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commented May 30, 2018

@xavierleroy

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commented May 30, 2018

The discussion always seems to be phrased in terms of adding and removing primitives, but I've had plenty of times where I'm not doing either of those but I've still needed to do a bootstrap to get things to compile.

Indeed, anything that changes the format or meaning of .cmi, .cmo, .cma and bytecode executable files eventually needs a bootstrap, in particular to get the toplevel to work again. In particular, every time you change the representation of types, the .cmi format changes.

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commented May 30, 2018

To help discussing this, would you be able to provide a concrete example
of a thing that did require a bootstrap without you expecting it?

Changes that affect the cmi format are the most common example.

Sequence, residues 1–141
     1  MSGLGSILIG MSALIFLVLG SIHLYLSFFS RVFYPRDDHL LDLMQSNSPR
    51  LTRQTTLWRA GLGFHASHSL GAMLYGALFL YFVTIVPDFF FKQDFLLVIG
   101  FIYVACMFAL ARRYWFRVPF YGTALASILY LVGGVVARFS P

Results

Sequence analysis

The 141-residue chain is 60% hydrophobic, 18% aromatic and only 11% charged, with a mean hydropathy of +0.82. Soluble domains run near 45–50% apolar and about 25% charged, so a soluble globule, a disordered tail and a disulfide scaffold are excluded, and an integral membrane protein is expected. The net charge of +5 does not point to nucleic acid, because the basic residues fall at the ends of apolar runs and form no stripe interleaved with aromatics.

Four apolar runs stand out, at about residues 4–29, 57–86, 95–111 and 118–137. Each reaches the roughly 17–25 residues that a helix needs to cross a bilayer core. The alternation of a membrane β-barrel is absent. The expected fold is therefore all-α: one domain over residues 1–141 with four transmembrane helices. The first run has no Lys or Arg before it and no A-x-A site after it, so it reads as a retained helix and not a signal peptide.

The most awkward example I've had was adding a type parameter to the built in format types as part of my algebraic effects work -- that required manually handling the different promotions, especially the promotion of the standard library, since the change needs to happen part-way through one of the steps in the "hard bootstrap" procedure.

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commented May 30, 2018

@damiendoligez damiendoligez self-assigned this May 31, 2018

shindere added some commits May 16, 2018

Makefile: the promote-cross target should use cp rather than stripdebug
The compiler's bootstrap procedure involves calling the promote-cross
target of the root Makefile.

When this target is invoked e.g. in the context of an executable
magic number update, it is actually not possible to use the stripdebug
tool.

Thus, this commit makes sure the promote-cross target uses cp
to promote the bytecode tools, rather than stripdebug.

This is not an issue because in the promote rule used later
during the bootstrap the stripdebug tool can be used, so that the
bytecode executables one gets after a complete bootstrap will remain
small and won't contain any debugging symbol.
Make sure the make_opcode tool is run using byterun/ocamlrun
This tool is used to compile ocamlc. Given that make_opcodes is itself
recompiled as part of the bootstrap process, it needs to be run on the new